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  1. hi, i’m on something of a mission lately. as i’ve commented at food renegade and heavenly homemakers, strained yogurt is not cream cheese. strained yogurt is greek yogurt or labna or, if you prefer to give it an american name, yogurt cheese. but it is not cream cheese. and it does not taste like cream cheese. yogurt cheese is tangier and not as creamy as cream cheese. but they can easily be substituted for each other.

    to make cream cheese, you add cream to whole milk and follow a somewhat involved culturing process. to see how:

    thanks for letting me clear that up!

    • I call it cream cheese mostly because that’s what Sally Fallon says in Nourishing Traditions and I find it easier to make this version of cream cheese than the proper one. Plus I don’t like the name “yogurt cheese”. It doesn’t sound as good as cream cheese. So it may not be proper, but I’m sticking with it 😉

    • Sa’ada
      So how do you make “real” cream cheese form Raw milk? Can you do it without pasteurizing it? I have read that you can let the milk sit and separate into curds and whey, and the curds are “cream cheese,” but now I am not sure that those curds are true cream cheese or not! 🙂

  2. I’m not on a mission, because it’s hopeless. All the real food bloggers have been calling strained yogurt cream cheese, and it has bugged me from the very beginning. I have made cream cheese, and what I made tasted very much like store bought cream cheese, only better, because it was made with fresh milk. I guess everyone is calling it that because Sally F started it. I’m not getting how they all say strained yogurt or strained cultured milk tastes like/better than cream cheese, when it’s nowhere close. There is absolutely NO SUBSTITUTE for cream cheese. You can certainly substitute if you want, but it will not produce that uber-creamy sweet yumminess that is cream cheese! So there, I’ve said it, but I’m not gonna try to convince anyone. Maybe that will just leave more REAL cream cheese for me! 🙂

    • LOL! Okay, okay, I give! Even though I maintain that I did know it wasn’t proper cream cheese, I was just going with the flow!

      Plus, now I need to make real cream cheese, which means I’ll have to write a post on it. So I’ll go put quotes around it 🙂

      • oh great, kendahl! i’m going to subscribe so i’m sure not to miss the post when you make real cream cheese. naomi’s done it but i never have so i want to see how to do it.

        the reason why i think we shouldn’t stick with this misnomer is that if someone tastes yogurt cheese, thinking that it’s a real food version of cream cheese, they will be disappointed and it could give people reservations about real food. but in reality, and as naomi says in the case of real cream cheese, real food always tastes better.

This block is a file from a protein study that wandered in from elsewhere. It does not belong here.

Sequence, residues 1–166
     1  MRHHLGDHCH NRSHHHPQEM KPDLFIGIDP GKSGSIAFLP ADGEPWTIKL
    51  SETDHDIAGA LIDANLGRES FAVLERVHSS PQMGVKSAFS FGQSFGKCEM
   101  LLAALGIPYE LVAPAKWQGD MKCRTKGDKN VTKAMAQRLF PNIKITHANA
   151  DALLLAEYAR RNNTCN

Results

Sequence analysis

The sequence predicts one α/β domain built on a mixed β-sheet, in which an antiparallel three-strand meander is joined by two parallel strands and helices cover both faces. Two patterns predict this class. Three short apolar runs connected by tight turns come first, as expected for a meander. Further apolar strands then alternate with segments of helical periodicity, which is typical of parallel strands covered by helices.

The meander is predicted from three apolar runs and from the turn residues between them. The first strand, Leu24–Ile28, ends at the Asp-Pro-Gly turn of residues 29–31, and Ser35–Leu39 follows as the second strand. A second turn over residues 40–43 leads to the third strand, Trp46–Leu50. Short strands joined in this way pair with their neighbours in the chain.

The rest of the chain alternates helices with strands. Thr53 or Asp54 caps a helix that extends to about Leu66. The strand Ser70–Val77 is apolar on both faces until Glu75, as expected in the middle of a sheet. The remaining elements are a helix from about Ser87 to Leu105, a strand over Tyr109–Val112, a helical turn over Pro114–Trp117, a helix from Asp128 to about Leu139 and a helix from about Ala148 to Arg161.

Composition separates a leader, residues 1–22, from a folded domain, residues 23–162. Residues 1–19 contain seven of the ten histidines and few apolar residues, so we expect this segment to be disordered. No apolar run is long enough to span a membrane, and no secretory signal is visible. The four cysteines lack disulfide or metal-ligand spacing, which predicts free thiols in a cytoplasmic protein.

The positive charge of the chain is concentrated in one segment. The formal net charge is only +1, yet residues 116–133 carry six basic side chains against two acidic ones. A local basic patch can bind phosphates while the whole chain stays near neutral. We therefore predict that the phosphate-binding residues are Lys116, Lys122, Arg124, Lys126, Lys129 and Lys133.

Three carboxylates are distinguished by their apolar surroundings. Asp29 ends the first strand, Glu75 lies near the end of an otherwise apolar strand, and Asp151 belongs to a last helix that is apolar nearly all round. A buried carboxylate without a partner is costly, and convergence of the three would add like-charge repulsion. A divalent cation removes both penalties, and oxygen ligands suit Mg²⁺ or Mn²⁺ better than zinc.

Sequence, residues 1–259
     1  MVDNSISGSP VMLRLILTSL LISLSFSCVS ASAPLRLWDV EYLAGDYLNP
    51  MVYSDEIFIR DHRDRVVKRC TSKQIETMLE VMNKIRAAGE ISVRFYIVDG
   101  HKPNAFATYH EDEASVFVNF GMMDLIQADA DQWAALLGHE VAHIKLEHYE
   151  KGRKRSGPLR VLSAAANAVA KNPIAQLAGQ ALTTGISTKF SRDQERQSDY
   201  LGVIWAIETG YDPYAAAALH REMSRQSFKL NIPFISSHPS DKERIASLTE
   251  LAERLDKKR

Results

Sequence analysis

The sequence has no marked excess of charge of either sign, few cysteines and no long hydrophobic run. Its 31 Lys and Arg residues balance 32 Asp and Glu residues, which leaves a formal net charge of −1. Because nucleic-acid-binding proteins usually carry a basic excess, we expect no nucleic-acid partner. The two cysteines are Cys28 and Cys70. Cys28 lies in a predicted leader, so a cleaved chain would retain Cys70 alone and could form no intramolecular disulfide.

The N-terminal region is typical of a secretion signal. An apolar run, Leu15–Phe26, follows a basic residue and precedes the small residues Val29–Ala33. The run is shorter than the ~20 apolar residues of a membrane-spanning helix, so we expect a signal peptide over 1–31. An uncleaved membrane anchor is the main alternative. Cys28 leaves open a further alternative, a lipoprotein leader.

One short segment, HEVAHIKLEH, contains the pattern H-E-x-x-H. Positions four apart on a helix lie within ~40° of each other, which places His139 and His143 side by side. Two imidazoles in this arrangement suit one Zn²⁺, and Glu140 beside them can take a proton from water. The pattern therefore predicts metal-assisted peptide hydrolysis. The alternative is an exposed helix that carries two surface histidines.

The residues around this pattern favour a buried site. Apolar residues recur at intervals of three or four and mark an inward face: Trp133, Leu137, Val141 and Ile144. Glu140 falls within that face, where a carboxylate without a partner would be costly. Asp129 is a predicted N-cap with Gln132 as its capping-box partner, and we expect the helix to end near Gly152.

• I am an amateur cheese making and a real food blogger myself. There is not such a hard and fast definition to “cream cheese” because all immature, unripened cheeses are named after the specific cultures and aging methods used. They all fall into a larger category of “cream-y” cheeses. The store bought cheese that is called cream cheese can be made at home using a really similar method to drain milk that is cultured with flora Danica or another Brie culture and using rennet as an addition to give firmness. I really think that Kendahl is being fair in calling this cream cheese. Just not like Philly.

          • Very interesting. Now I really want to make some and compare them! What do you do when you make cream cheese at home, specifically, sa’ada?

          • sorry, kendahl, that was naomi that made the cream cheese. all i know is that yogurt cheese does not taste anywhere near as good as store bought cream cheese. and homemade cream cheese must be that much better! so, i’m looking forward to the post.

    • thank you, naomi. and save me some of the real cream cheese!

  3. Two questions, you didn’t mention if while the yogurt was draining if it’s IN the fridge or on the counter, which is it? Second, I think I have had whey go bad, it developed a ‘cloud’ (looked like a bubble) sort of hanging out at the bottom of the jar. Think it went bad? *Thanks for your help! :o)

    • I have had that bubble thing happen, and I just fish it out and smell the whey to see if it smells the same. I haven’t had any trouble using it after that. And yes, you drain the yogurt at room temperature 🙂

  4. Hi Kendahl,
    Thank you so much for sharing your great recipe with Full Plate Thursday. Hope you are having a great Spring week end and come back to see me real soon!
    Miz Helen

    • Jo Dee says:

      I accidentally got peach flavored yogurt, can I still separate it and have “peach” flavored cream cheese and whey or does it HAVE to be plain yogurt?

  5. I end up with so much whey when I make homemade Greek yogurt. I’ve been meaning to try doing something with it, but never knew how long it would keep. I’m glad to know that it doesn’t go bad quickly.

  6. Thanks so much for sharing on Allergy-Free Wednesday. Hope you’ll join us again this week with another great recipe!

  7. I think you are right in calling it cream cheese — maybe not idential to the commercial cream cheese, but it is very close and much thicker than Greek yogurt (if you let it drip long enough), and when you add honey it tastes even more like cream cheese. Maybe the type of yogurt used makes a difference? I used organic grass-fed yogurt. Anyway, whatever people choose to call it, I think it is absolutely delicious!